From Citizendium
Jump to navigation Jump to search
This article is developing and not approved.
Main Article
Related Articles  [?]
Bibliography  [?]
External Links  [?]
Citable Version  [?]
This editable Main Article is under development and subject to a disclaimer.

Protein molecules are chains of amino acids that play many important roles in living systems. As far as is known, proteins have existed as long as life on earth has existed and are an essential ingredient in all cells. For most organisms, including humans, proteins must be ingested and digested in order to obtain essential nutrients that cannot be synthesized by the organism itself.


Main Article: Ribosome

In both eukaryotic and prokaryotic cells, proteins are manufactured in ribosomes, which are made up of two sub-units of specially folded strands of RNA as well as some small proteins. A eukaryotic ribosome (e.g., that of a human) is slightly larger than the prokaryotic ribosome (e.g., that of a bacterial cell), but the two perform essentially the same essential function. Ribosomes connect amino acids to each other via peptide bonds in order to form strings called polypeptides.


Main Article: Protein structure

The sequence of amino acids is determined by the genetic code on DNA; the simple sequence of amino acids alone is referred to as a protein's primary structure. Different residual groups on the amino acids can interact with water or each other, sometimes linking to each other, forming a certain three-dimensional structure, such as an alpha helix or a beta sheet; localized three-dimensional structure is referred to as a protein's secondary structure. A protein's tertiary structure is the entire three-dimensional conformation of a given peptide. Quaternary structure exists in proteins that are made up of multiple peptides, and it is the entire three-dimensional structure of every peptide and the links between them.


Proteins are used within organisms for an incredibly vast array of functions which include but are not limited to structure, sending and receiving messages, while enzymes are proteins which catalyze chemical reactions. This process is also called a metabolic pathway.[1] Nearly every bodily process in humans involves proteins in some fashion. Without such proteins, life on earth as it is now could not exist.

Structural Proteins

Some proteins provide structure. For example, some connective tissue like cartilage is made of collagen and elastin, two structural proteins. Nails and hair are made of a protein called keratin. Proteins such as fibrin and tubulin help cells retain their shape and help divide DNA strands evenly to daughter cells during mitosis and meiosis.

Muscle fibers are largely made up of the proteins actin and myosin, the latter of which being a motor protein which pulls against actin in order to contract muscles; it is the action and interaction of these proteins which allow humans to walk, swallow and have a heartbeat.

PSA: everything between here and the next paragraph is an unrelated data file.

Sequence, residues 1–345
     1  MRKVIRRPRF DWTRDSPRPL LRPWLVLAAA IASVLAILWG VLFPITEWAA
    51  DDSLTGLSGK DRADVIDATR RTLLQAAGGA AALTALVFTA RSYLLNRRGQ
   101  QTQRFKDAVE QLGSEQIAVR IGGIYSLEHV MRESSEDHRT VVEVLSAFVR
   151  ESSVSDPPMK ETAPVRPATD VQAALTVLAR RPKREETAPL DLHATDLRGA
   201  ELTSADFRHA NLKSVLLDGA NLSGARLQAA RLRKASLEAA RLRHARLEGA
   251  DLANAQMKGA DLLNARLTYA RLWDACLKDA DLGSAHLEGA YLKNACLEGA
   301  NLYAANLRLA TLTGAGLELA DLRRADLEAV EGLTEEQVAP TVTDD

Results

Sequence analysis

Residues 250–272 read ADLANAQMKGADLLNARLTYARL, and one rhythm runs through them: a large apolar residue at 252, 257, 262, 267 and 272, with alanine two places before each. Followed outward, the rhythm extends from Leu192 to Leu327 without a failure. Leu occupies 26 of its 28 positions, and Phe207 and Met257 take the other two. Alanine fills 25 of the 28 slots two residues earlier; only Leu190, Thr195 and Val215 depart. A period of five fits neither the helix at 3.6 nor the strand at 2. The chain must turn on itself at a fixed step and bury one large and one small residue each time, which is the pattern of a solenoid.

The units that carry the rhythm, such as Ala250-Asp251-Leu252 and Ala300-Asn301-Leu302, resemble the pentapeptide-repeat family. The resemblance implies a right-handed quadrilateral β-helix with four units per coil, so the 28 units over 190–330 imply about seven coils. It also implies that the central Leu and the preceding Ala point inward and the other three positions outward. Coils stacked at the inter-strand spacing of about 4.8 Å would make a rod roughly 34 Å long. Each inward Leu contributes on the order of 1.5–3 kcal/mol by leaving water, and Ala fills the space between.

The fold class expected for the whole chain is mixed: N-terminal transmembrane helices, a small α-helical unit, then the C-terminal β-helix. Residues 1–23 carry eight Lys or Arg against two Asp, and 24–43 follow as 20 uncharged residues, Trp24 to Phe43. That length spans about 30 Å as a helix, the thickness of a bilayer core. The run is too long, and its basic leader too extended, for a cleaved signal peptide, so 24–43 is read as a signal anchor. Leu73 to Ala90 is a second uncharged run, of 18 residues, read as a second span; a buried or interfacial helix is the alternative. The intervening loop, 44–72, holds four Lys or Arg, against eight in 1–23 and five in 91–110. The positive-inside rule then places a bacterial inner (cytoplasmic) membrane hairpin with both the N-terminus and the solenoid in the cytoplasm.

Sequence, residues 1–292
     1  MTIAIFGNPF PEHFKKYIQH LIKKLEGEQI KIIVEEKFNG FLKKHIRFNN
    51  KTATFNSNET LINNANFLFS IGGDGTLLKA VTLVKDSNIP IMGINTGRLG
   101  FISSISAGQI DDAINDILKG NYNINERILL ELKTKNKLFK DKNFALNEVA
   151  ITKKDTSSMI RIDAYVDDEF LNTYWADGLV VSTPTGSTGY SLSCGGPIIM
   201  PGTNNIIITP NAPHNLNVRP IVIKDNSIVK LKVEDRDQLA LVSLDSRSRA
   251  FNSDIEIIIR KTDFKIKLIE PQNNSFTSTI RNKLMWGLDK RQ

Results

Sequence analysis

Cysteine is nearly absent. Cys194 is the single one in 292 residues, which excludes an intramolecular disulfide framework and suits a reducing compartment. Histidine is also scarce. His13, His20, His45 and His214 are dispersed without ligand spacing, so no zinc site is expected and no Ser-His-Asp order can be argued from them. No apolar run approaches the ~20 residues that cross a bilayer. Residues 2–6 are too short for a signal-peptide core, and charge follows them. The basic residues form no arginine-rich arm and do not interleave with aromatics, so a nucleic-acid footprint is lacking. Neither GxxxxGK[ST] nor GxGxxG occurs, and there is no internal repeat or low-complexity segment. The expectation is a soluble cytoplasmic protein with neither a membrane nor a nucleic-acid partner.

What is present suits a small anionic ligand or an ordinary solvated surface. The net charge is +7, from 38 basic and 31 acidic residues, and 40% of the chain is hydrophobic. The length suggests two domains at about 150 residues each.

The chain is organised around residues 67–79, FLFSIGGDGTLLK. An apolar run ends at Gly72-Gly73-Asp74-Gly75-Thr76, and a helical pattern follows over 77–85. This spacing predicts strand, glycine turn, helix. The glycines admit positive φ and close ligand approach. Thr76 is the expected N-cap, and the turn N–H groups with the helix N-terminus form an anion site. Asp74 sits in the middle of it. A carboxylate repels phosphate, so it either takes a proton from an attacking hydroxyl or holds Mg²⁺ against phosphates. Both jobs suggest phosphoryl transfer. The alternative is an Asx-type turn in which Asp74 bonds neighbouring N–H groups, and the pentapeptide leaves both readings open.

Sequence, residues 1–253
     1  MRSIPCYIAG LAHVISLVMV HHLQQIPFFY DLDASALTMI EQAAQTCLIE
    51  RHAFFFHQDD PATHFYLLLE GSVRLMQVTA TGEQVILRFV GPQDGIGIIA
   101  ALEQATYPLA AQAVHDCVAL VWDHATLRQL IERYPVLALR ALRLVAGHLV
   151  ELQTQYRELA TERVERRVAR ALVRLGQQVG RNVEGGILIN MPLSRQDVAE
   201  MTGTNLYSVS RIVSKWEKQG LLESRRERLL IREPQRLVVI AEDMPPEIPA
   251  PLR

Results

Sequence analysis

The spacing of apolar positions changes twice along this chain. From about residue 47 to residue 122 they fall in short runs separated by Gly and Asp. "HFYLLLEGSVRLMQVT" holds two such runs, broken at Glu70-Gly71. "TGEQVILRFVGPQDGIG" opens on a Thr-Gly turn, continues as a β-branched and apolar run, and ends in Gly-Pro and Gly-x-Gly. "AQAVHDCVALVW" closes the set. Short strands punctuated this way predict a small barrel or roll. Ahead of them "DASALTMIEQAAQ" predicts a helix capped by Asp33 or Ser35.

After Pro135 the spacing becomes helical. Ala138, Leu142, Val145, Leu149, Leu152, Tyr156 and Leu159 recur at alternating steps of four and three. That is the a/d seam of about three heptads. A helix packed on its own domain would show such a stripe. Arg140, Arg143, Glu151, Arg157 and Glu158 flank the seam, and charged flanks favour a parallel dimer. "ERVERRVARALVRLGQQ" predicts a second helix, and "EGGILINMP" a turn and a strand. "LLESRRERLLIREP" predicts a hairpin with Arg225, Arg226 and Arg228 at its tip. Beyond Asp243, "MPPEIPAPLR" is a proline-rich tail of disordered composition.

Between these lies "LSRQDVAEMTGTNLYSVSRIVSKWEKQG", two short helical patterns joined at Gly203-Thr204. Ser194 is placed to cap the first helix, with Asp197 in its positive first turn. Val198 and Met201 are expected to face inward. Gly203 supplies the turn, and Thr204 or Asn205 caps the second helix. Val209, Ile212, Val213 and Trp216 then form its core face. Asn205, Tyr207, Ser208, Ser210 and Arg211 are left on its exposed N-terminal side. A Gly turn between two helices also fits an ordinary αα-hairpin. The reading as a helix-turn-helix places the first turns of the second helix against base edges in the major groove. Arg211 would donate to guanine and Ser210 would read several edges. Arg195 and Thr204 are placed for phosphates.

Messenger Proteins

Proteins that send messages from cell to another cell are called hormones. For example, the protein insulin is released from the pancreas when blood glucose levels are high, and it signals other cells in the body to take up the sugar from the blood. (In Type I diabetes, insufficient insulin is made, and cells do not know to take up glucose, resulting in high blood sugar and a lack of glucose in the cells.)

Neurotransmitters are the proteins that sent signals from neuron to neuron, enabling the brain to tell different muscles to contract.

Within a single cell, messenger proteins can regulate specific functions, such as gene transcription (biology).


Main Article: Enzyme

It can be most easily seen in digestion, which in fact begins enzymatic action in saliva, that enzymes are proteins that catalyze chemical reactions.. An enzyme called amylase begins to digest the starch in the mouth. Various other enzymes, peptidases and lipases, digest proteins and fats, respectively, which were obtained in the diet.


In the diet

Protein is an important part of the human diet. Proteins are made from amino acids (see "Synthesis" section, above), yet humans cannot make all of their own amino acids. Amino acids that cannot be produced within the body are called essential, meaning they must be taken up in the diet, whereas amino acids that can be produced in the body are nonessential.


During digestion, proteins from food are broken down in the stomach by the enzyme pepsin, and they are further broken down in the small intestine by a family of enzymes called peptidases. Individual amino acids travel through the bloodstream to the cells, where they can be utilized to form proteins.


"Amino acids in excess of those needed for biosynthesis cannot be stored, in contrast with fatty acids and glucose, nor are they excreted. Rather, surplus amino acids are used as metabolic fuel. The α-amino group is removed, and the resulting carbon skeleton is converted into a major metabolic intermediate. Most of the amino groups of surplus amino acids are converted into urea through the urea cycle, whereas their carbon skeletons are transformed into acetyl CoA, acetoacetyl CoA, pyruvate, or one of the intermediates of the citric acid cycle."[2]

As a record of evolution

Many proteins are highly conserved among species, meaning humans, for example, share many of the same proteins with not only chimpanzees and other primates, but also birds, fish, reptiles, and even plants and bacteria. In contrasting the differences between the same proteins in different species, it is possible to determine which species came from common ancestors, tracing evolution.


  2. Stryer, Lubert; Berg, Jeremy Mark; Tymoczko, John L. (2002). “23. Protein Turnover and Amino Acid Catabolism”, Biochemistry. San Francisco: W.H. Freeman. ISBN 0-7167-3051-0.